When we adopt new technologies in our daily lives, they present us with changes to our behavior that slowly but steadily become almost irreversible. We now "live connected" and think of cellphones as a part of our bodies, but technology also changes us in subtle ways.
I'm old enough to remember when making an appointment with a friend was a real commitment. We used to organize our day to be there on time, and our word used to have value, and keeping promises was a sign of good manners.
If someone didn't show up, it was because something extraordinary happened. Today when we arrange to meet someone, there is always the implicit chance that it might not happen, just a message away.
Did our word lose value?
If we look at recent studies in marketing, it seems like people are demanding to bring value to words again, they are saying out loud with every purchase decision: keep your word.
A 2015 study commissioned by 4As and carried out by Ipsos OTX and titled "Sex, Lies, and News," found that only 4% of US citizens believe that the whole of the marketing industry acts with integrity. The respondents said that marketers have an agenda to sell their products and that they will use almost any means to do so. This survey established that consumers are becoming more informed and more critical about marketing ploys, which, in turn, have increased their level of distrust.
The respondents ranked "integrity" at the bottom of the list of qualities possessed by marketers. The respondents were then asked to define "integrity" and 69% replied that it means "always keeping promises". When asked to explain why marketers "lie," 69% of respondents supposed it was to sell their brand or a product. Only 27% thought the marketers believed what they were saying.
So how does a marketer cope when the very people they need to persuade don't trust them? A Nielsen report shows that people trust, first and foremost, friends and family and, secondly, consumer opinions posted online. In the case of banks and financial institutions, what are they going to do when they rely on their customers' recommendations of their brand or product as the most positive and effective form of promotion and extending the customer base when that trust in marketing is not there?
Marketers are continuously bombarding consumers to a point where they become almost immune to it. The internet allows them to express their lack of trust, frustration, and irritation with just a type. Consumers are no longer passive targets but active agents who are changing the landscape and dictating how marketing should be through their immediate reactions for or against the presentation of a product. This new paradigm is forcing marketers to make a 180-degree turn in how they approach the customer, to appeal to the customer's psyche, and, at the same time, his trust to trigger an emotional gut reaction to the product.Bottom line: customers will only positively comment or recommend a product or service if it truly benefited them, and they trust it.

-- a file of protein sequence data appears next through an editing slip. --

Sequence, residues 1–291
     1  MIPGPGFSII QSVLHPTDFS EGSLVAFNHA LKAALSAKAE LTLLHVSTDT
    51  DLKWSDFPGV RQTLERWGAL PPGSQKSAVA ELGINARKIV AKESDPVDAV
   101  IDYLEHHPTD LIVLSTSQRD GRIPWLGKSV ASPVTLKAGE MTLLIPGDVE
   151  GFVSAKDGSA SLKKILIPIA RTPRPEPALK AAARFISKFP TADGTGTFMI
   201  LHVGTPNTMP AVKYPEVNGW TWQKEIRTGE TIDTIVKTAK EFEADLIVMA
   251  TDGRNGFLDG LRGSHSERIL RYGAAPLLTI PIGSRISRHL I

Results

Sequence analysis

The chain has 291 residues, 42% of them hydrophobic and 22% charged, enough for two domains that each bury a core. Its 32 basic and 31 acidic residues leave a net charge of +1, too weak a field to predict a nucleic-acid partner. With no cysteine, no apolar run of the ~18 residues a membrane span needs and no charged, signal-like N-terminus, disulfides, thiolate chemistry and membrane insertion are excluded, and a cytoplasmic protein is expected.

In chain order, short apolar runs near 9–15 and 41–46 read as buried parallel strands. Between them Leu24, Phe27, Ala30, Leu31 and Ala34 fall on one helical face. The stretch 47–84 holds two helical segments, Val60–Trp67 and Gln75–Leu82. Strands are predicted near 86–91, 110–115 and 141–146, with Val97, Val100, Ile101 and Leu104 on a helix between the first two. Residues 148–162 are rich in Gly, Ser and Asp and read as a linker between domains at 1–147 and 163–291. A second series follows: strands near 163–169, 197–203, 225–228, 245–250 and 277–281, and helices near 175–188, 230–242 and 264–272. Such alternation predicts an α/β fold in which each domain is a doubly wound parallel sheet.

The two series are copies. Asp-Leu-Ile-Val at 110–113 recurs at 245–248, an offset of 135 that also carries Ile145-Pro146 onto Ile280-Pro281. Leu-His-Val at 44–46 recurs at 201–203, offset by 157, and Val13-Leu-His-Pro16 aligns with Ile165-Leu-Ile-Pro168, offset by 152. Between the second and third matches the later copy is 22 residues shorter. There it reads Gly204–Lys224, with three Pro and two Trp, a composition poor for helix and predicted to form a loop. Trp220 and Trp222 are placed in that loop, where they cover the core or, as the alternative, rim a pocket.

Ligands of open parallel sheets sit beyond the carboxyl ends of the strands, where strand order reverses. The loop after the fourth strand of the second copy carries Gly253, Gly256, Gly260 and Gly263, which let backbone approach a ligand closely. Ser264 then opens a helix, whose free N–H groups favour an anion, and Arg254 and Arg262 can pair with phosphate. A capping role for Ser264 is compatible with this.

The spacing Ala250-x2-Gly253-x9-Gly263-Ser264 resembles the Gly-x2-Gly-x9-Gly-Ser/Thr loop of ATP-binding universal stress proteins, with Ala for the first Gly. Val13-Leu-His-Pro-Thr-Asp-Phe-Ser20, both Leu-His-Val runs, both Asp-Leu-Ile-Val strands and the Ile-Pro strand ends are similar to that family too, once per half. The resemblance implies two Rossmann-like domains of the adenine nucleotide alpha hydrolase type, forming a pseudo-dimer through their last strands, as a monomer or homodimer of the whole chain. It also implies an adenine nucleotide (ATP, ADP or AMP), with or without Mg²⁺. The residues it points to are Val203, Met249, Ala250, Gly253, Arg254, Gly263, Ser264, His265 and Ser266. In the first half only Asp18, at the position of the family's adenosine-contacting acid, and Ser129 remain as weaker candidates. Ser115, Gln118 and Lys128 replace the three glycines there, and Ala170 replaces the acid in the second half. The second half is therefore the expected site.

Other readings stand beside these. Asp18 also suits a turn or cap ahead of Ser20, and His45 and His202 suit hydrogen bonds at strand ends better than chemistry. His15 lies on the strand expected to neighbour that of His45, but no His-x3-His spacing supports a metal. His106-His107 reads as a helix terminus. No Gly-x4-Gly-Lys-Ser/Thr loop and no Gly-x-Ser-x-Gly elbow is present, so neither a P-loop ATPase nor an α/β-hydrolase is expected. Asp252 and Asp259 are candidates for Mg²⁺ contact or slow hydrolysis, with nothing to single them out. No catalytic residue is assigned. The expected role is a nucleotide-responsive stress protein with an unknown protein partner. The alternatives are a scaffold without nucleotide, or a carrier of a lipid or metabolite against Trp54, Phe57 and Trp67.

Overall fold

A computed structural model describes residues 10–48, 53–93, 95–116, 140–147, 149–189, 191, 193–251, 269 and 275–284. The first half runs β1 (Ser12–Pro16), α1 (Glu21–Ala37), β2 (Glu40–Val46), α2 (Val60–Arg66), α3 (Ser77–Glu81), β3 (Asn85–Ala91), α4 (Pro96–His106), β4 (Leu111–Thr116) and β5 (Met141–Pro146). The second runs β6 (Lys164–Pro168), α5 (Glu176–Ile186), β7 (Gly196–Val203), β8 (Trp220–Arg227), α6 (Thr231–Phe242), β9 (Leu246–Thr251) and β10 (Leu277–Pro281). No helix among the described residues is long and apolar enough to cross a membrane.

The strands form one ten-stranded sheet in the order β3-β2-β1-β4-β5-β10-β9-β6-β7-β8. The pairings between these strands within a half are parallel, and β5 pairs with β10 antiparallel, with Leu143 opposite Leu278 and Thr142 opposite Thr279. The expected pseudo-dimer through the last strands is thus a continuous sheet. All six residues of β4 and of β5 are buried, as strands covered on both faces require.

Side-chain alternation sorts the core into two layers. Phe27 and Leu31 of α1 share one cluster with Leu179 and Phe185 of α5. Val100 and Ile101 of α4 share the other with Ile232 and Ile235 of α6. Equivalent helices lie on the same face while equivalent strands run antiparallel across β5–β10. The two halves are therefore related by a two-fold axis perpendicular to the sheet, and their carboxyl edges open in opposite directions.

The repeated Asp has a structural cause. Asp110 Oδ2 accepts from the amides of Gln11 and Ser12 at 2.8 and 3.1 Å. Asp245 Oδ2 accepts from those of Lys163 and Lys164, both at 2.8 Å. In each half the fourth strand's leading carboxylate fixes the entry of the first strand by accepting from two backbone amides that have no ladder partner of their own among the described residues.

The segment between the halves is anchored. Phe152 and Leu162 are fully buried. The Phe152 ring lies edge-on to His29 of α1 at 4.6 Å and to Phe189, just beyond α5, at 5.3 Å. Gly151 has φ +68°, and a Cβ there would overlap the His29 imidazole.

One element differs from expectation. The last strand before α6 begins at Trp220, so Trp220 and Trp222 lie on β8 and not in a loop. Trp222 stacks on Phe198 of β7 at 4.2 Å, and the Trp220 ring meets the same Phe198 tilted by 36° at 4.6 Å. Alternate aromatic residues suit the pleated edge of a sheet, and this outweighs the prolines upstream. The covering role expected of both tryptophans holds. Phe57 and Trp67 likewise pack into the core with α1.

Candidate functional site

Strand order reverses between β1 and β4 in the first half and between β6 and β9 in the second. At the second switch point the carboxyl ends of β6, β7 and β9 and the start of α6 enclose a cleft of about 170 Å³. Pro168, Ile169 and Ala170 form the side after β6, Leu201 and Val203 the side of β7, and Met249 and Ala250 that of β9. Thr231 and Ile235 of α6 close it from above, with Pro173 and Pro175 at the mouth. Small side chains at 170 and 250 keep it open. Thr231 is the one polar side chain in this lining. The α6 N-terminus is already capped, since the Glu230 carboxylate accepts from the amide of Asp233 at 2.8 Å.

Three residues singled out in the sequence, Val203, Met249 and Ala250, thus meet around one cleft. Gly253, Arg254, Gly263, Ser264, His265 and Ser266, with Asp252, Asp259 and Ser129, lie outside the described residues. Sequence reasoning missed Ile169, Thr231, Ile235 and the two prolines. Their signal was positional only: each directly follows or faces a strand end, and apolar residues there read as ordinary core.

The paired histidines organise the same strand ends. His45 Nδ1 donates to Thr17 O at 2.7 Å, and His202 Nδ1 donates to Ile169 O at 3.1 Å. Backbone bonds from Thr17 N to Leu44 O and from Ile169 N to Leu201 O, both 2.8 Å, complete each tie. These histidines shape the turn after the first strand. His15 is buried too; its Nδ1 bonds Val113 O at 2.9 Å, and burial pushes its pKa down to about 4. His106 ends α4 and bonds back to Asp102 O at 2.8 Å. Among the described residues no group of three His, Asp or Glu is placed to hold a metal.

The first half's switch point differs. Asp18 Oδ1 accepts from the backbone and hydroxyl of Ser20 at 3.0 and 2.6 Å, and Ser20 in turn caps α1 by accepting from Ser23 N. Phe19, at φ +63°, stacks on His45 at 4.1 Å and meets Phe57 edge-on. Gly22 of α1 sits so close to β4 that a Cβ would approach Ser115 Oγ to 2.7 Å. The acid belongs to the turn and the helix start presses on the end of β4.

So how can a financial institution make that immediate connection at an emotional level with potentially fickle customers who have a natural inclination to disbelieve traditional marketing?
The first step for banks promoting services and products may be to stop talking about themselves and instead get others to talk about them. It's CGC (Consumer Generated Content) and word-of-mouth marketing, which harks back to the results of the Nielsen study about who is trusted by consumers.
Customers want to know what they are going to get out of a product or service and, since they don't trust the bank's marketers, they refer to sources like online comments. To get positive comments, the bank must be 100% focused on developing the best possible services with no room for exaggeration or hyperbole. Having established that quality of service or product, the bank can encourage, collate, and disseminate online comments, which in turn allow consumers to feel part of a community.
While this new reality is forcing a new approach to marketing, new technologies—like AI, big data, etc.—all provide the additional assistance needed to develop better-personalized content. We're trying to move from digital banking to intelligent banking, aren't we?
Providing customers with exactly what they are seeking and what they want because they hear about it from their peers, will, in the long run, be more cost-effective for the banks. Customers will do the promotional work for the banks, but only if the banks give them what they want in the first place.
It's funny how we complicate things so much when they are so simple.
Are we, as marketers, surprised to have lost the trust of customers after years and years of fine print in our ads? Remember what your mama told you:"Don't promise what you can't give. Keep your word, and people will trust you."